Adam Lanza
Newly-released search warrants reveal new details about Newtown shooter Adam Lanza's weapons arsenal. Handout

Sandy Hook Elementary School shooter Adam Lanza was inspired to surpass the body count inflicted by Norwegian mass shooter Anders Behring Breivik and looked up to the man who killed 77 people.

Lanza, 20, was “obsessed” with Breivik and chose Sandy Hook to commit the shootings because the school was the “easiest target” with the “largest cluster of people,” officials briefed on the massacre told CBS News.

The officials said there is evidence suggesting Lanza idolized Breivik, who killed eight people in a bombing in Oslo and 69 others at a summer camp. The Oslo bombing was intended to divert police resources so Breivik could continue with the carnage at the camp.

Despite all the evidence, police were reluctant to identify a motive for the Newtown, Conn., shootings.

Investigators added that Lanza was consumed with video games and that he acted out fantasies by committing the killings at Sandy Hook, according to CBS. They said Lanza’s death count may have registered as a “score” in his brain.

Lanza reportedly spent hours on end playing shooting games in a “private gaming room” in his Connecticut home that had the windows blackened out.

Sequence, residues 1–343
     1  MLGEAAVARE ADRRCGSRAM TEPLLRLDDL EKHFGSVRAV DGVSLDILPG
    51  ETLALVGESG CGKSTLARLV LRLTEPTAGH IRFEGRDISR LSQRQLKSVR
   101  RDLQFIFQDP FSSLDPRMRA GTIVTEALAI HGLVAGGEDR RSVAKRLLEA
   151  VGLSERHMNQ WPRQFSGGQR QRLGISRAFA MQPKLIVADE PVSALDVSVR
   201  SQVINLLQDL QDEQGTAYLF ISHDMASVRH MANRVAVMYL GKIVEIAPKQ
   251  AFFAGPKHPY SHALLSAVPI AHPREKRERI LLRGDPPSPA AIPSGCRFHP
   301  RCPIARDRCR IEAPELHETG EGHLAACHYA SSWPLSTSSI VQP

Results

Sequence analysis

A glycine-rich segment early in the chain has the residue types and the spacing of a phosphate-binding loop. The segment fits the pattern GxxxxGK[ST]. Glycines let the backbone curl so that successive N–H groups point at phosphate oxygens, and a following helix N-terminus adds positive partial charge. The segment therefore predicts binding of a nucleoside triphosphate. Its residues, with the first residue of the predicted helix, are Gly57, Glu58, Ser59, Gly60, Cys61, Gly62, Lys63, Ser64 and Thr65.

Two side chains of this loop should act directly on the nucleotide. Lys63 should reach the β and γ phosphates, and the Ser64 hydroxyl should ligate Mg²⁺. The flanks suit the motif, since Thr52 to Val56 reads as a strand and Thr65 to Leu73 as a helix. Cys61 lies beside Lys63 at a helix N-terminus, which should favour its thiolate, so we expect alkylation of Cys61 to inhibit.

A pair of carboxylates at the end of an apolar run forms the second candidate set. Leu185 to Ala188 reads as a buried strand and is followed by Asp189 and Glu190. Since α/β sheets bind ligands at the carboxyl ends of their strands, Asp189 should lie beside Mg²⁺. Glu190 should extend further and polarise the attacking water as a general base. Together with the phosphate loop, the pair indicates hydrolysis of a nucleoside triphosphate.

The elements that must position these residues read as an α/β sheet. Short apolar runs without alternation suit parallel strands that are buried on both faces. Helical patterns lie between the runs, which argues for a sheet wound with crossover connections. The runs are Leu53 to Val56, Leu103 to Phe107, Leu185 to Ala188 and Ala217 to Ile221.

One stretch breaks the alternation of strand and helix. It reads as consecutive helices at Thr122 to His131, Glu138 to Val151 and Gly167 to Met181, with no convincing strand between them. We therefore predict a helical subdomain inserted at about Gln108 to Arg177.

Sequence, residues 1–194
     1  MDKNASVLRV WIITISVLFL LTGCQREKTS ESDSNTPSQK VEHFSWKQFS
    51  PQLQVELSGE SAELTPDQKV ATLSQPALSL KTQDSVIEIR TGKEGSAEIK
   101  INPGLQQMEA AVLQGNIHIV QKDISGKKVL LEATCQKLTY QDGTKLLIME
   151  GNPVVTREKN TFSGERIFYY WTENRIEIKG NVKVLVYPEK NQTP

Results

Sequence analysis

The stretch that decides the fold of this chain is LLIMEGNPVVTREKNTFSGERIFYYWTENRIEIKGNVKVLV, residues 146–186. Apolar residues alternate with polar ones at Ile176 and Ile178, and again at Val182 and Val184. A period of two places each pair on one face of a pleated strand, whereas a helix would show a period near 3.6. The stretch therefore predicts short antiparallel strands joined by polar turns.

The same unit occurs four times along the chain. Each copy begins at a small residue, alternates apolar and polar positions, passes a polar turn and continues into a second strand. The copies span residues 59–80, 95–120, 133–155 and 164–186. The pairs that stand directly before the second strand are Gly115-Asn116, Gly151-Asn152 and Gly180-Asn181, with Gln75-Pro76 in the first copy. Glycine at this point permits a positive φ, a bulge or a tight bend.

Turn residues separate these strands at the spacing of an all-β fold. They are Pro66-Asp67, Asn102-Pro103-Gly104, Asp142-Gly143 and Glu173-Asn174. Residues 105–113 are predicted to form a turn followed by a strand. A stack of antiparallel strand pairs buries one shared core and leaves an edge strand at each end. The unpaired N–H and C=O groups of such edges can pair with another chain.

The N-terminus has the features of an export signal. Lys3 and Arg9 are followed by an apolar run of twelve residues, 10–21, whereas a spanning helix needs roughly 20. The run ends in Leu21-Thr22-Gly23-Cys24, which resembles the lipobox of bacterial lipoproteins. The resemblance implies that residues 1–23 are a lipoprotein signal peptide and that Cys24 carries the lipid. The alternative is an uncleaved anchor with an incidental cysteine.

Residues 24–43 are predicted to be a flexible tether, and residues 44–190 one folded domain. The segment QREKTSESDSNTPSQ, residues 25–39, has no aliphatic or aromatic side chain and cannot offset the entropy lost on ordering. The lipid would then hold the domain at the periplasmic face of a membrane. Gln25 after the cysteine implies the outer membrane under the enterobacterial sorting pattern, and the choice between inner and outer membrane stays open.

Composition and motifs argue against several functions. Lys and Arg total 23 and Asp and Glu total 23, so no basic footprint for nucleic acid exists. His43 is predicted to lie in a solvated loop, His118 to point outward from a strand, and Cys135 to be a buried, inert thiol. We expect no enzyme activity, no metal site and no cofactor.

Breivik shared Lanza’s love of video games. The Norwegian played the shooting game “Call of Duty: Modern Warfare” in preparation for the Norway attacks, according to the New York Post.

Lanza also had an affinity for guns. Lanza’s mother, Nancy Lanza, would take her son to shooting ranges. She had three guns registered to her name that were used in the Sandy Hook killings.

Lanza killed 20 children and six adults at the Newtown school. Before he began the December massacre, he fatally shot his mother.

While investigators said there were similarities between Lanza and Breivik, the 20-year-old Connecticut shooter differed slightly from his idol. Lanza killed himself as police closed in on him while Breivik surrendered to Norwegian authorities following his July 2011 attacks.

And while Breivik wrote a manifesto in which he listed Oklahoma City bomber Timothy McVeigh, the Knights Templar, al-Qaeda and “Unabomber” Ted Kacyznski as his influences, Lanza reportedly destroyed his hard drive before the Newtown shootings, making it more difficult for authorities to find a motive.